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On Wed, 3 Jul 2002, Michael Habib wrote:
> I still do not see how competition from placentals, predation from
> neornithines, and the like are viable explanations (in a direct sense,
> at least).
What I meant was: to make the case for mass extinction caused by a diffuse
agent, i.e., dust, sulfates, whatever, one must rule out alternative
hypotheses. At issue are two extinctions, local marsupials and
enantiornithines. Both of these clades are a big problem for the bolide
inasmuch as neither presents a reason why they were targeted and not their
ecological equivalents, placentals and neornithines respectively. We
understand a possible mechanism for dinos--lack of bulk food for bulk
animals--but we don't have one for our diminuitive niche holders. And so,
the bolide is forced to propose mechanisms which I find
very far-fetched: e.g., a hermetical seal seperating enantiornithines in
the North and neornithines in the south.
> Reason: these seem very unlikely to act as global events, nor are they
> patterns to which the dinosaurian (and other) taxa had not been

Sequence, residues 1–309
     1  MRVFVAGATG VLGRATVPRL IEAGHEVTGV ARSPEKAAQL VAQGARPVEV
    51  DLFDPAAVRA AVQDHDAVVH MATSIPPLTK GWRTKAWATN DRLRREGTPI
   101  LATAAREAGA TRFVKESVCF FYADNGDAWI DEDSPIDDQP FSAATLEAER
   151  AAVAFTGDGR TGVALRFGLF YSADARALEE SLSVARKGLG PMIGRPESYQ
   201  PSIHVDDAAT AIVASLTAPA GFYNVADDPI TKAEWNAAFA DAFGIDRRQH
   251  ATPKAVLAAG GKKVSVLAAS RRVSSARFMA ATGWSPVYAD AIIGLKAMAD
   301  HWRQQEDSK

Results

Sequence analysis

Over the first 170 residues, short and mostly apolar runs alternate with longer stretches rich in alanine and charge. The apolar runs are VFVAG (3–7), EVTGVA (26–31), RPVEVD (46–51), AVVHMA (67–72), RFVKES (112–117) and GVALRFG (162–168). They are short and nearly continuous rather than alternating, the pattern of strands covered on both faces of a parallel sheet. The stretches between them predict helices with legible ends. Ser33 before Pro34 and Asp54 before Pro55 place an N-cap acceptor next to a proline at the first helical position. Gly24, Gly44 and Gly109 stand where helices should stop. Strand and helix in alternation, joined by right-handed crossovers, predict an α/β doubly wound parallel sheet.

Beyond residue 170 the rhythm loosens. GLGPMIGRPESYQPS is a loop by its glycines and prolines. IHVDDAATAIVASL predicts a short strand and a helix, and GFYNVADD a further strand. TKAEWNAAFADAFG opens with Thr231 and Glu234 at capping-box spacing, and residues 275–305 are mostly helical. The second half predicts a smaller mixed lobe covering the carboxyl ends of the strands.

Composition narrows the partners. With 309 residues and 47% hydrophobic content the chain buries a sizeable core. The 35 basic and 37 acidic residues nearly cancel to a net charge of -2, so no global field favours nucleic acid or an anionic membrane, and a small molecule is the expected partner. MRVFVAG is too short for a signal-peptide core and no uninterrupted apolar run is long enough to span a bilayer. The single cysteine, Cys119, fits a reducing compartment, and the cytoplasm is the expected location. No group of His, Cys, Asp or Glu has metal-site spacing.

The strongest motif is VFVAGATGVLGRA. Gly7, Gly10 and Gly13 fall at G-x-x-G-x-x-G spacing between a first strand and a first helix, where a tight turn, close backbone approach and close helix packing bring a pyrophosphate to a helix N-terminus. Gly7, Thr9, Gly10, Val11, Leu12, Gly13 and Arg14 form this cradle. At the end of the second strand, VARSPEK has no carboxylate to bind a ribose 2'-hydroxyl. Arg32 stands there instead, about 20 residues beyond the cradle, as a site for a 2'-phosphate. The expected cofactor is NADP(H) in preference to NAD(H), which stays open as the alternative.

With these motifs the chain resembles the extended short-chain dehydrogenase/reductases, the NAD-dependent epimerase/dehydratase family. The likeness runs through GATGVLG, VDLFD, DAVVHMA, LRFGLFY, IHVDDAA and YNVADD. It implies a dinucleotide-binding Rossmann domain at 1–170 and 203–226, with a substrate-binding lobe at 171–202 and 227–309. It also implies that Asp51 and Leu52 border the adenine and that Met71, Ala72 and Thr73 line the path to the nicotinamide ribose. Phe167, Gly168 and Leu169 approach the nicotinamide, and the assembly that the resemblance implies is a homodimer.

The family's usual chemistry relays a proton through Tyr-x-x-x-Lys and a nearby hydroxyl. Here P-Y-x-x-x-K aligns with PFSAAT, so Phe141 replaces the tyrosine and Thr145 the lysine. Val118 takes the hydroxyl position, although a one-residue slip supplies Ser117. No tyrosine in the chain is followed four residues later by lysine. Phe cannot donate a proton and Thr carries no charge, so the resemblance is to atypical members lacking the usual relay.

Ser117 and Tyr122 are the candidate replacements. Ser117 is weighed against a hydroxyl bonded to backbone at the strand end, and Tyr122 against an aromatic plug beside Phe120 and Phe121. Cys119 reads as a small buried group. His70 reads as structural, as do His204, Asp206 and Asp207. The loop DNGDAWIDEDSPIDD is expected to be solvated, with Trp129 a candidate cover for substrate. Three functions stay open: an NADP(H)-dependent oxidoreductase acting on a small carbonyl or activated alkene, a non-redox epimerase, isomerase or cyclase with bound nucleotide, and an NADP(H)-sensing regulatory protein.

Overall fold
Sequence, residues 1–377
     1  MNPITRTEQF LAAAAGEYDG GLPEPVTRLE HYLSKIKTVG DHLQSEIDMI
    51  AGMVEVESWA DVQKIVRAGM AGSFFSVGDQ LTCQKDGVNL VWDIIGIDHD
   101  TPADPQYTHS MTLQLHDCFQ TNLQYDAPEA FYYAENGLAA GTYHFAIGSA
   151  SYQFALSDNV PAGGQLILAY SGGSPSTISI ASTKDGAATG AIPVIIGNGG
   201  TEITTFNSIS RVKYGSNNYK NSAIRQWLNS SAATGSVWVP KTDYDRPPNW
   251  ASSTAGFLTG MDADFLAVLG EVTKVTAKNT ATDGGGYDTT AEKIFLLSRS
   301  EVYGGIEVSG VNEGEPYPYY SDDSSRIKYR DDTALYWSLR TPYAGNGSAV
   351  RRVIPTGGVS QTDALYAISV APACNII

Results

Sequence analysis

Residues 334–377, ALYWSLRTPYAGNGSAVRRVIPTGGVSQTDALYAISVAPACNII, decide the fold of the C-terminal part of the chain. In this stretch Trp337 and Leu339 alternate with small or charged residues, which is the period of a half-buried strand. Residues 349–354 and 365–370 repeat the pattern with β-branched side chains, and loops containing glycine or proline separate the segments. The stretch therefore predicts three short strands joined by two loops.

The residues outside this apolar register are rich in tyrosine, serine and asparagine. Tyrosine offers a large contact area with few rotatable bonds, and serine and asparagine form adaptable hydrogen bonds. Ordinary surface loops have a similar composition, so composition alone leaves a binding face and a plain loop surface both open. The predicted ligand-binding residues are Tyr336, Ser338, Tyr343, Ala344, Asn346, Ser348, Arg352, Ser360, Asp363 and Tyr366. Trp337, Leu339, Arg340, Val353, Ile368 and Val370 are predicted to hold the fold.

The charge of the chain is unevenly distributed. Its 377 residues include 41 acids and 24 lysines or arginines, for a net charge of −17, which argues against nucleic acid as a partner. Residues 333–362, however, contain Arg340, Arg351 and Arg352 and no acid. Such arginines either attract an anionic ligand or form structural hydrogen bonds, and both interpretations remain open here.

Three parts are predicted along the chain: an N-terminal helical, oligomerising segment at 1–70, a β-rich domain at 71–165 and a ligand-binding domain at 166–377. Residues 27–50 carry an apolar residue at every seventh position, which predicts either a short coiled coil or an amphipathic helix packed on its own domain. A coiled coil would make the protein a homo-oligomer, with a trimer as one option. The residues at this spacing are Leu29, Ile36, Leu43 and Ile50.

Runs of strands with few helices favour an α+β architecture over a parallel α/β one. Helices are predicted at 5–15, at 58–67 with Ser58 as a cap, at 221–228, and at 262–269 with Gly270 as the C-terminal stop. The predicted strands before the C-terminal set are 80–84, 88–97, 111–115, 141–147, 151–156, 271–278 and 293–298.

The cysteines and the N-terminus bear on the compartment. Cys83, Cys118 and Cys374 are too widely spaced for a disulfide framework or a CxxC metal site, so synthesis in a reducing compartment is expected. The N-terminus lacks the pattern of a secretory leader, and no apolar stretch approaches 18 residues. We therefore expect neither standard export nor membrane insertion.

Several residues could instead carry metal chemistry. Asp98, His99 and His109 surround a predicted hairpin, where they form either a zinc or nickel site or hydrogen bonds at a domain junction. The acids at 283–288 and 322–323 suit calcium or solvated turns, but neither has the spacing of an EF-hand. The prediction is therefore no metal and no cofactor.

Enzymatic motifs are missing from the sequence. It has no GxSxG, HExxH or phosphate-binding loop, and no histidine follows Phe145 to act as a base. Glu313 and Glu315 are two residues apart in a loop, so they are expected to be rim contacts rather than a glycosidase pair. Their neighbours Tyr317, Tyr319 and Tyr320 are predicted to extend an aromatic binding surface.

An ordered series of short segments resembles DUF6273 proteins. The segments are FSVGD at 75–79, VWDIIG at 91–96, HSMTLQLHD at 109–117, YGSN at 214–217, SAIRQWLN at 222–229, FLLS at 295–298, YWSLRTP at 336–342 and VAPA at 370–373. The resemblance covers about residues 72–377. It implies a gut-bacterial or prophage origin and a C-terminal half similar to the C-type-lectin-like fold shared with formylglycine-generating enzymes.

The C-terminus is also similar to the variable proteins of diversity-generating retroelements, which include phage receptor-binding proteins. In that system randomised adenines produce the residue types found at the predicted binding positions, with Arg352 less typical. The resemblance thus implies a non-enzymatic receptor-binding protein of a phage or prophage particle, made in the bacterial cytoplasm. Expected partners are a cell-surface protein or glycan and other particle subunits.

> exposed. LOCAL extinctions from competition are common. A GLOBAL
> mass extinction requires a NOVEL effect across the entire range of
> several groups severe enough to reduce ALL viable populations.
I hope I clarified above. However, I _do_ believe the new species
evolving had a crucial and global role. For example, the most popular
hypothesis for pterosaur extinction _is_ competition/predation from
birds! This is a novel effect, right? And it is also global.
> Perhaps large-bodied species would do
> worse, perhaps hibernation would be important, etc.
Yes on the first. But, on the second I'm not so sure--and, in any case,
extinctions in "equable" climates--equatorial, at least--are unlikely to
involve hibernation (just a side note, hibernation cannot be induced in
naturally non-hibernating creatures). Also, birds are not great
hibernators--indeed, the most notable example of metabolic shutdown is the
large emu. Presumably in order to not advertize the presence of his nest,
the male emu goes without food and water for 40 days (from memory) or so.
> In a sense, this IS a competition model, and this point is (as far as
> I can tell) often overlooked (...) So the bolide could make new
> predation/competition factors
> important very rapidly. These are global, novel effects AND they are
> targeted based on biology/ecology: some groups do better because they
> compete well under post-bolide conditions.
I couldn't agree more. As Leigh Van Valen has said: causes of extinction
are often a matter of taste. Ultimately, it is our dichotomous brain that
forces us to choose alternaives that don't exist in reality (I said that,